Core-CBD assets were the most attractive for foreign institutional investors and private equity, as well as domestic insurance capital this quarter. For example, Plaza 353 on East Nanjing Rd. was sold to a JV between ADIA (Abu Dhabi Investment Authority) and Macquarie Bank, while Blackstone Group purchased the office portion of the soon-to-be-completed Huamin Imperial Tower in the Jingan District core-CBD. In addition, No. 8 Huangpu, a recently renovated office building in the Bund area was purchased by domestic insurer PICC for RMB 1.18 billion to take advantage of the building’s signage potential and secure office space for self-use.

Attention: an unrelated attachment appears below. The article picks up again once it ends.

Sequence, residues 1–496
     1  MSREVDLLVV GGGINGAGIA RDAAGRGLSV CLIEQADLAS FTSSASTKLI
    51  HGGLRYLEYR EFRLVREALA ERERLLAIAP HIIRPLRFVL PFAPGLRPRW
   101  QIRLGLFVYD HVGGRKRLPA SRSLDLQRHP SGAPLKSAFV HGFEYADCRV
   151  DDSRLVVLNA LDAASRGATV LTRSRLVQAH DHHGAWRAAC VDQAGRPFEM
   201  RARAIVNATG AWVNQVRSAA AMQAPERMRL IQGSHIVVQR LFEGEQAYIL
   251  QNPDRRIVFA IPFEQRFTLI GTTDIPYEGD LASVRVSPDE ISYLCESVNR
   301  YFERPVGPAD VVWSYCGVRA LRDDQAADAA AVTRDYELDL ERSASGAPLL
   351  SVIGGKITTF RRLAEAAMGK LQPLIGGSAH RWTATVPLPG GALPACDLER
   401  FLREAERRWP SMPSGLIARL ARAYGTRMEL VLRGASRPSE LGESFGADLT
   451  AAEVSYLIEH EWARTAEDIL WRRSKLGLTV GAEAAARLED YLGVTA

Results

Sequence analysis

Investment market activity expected to increase in 2013. “Investment market activity is expected to strengthen in 2013 as investors return to the market and seek out core-area, mature office and retail assets with strong income and cash flow,” noted Alan Li, Head of Investment for Jones Lang LaSalle Shanghai. Cost of credit is expected to decline, spurring demand from overseas institutional investors. Meanwhile domestic capital from the insurance sector is expected to play a larger role in the coming quarters, particularly in Pudong and Lujiazui where high-profile office buildings are in high demand, as well as in office assets in 2nd tier cities. The expectation of investors is that core-CBD office assets may see flat or even declining rents in the near term, but in the next 3-4 years rents will return to positive growth territory of 5-10% per annum, driving investment returns. The current slowdown is viewed as an opportunity to enter the market before growth accelerates again. The mid-to-long term outlook for retail is equally positive. However available assets to purchase are more limited in the CBD, and high-quality decentralized retail assets are likely to become a main focus for potential investors in 2013.